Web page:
Reflections on my first HEAT course
Last summer, I went on my first personal security course. Although every provider calls it something different (mine was ‘personal security for field staff’), HEAT has become the most popular moniker. This stands for ‘hostile environment awareness training’, as these courses are generally intended for aid workers travelling to/working in high-risk locations.
On a Monday morning in June last year, I left London for the English countryside. It’d be fair to say that I spent the journey feeling somewhat apprehensive about what was to come. I’d heard that I’d have to sleep outside in a tent – granted, this wouldn’t have been so bad in June – but also that I could be woken up in the middle of the night by faux hostage-takers. Thankfully for me, neither of those rumours came true.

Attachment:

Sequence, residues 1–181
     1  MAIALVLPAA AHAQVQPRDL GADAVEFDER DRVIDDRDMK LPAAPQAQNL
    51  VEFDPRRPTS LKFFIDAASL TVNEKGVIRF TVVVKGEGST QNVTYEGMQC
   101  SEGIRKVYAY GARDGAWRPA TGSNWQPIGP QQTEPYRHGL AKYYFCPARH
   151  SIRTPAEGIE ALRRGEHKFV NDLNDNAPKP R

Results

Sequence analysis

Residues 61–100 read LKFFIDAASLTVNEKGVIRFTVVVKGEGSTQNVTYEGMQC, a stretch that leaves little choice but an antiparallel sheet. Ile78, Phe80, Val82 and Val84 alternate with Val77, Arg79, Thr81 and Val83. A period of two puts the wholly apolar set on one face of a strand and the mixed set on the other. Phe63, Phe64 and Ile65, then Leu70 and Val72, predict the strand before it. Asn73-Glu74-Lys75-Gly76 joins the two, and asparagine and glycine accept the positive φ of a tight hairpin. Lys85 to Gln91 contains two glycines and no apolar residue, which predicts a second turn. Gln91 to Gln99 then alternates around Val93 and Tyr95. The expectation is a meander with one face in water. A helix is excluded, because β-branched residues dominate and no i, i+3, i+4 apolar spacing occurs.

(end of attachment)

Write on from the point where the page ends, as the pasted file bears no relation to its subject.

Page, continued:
What I did experience was a fairly gruelling four days of training, including a long but enjoyable final day putting everything I’d learnt into practice through simulation. Whilst some courses do offer tents as accommodation, I was put up in a shared dormitory with hot water and electricity.
As is probably clear, I’m not an experienced field worker. Rather, I’m a communications officer based in London. Having worked in places like Georgia and Morocco, medium-risk locations are my focus. But, working at EISF, I was keen to find out what a Hostile Environment Awareness Training (HEAT) actually entails.
When I travelled to Kenya last year with an NGO – which had given the country a ‘moderate’ risk rating – I kept an eye out for ways to implement what I’d learnt on my HEAT course. Here are some of my reflections on what this kind of training offers, and the value I’ve gained from mine.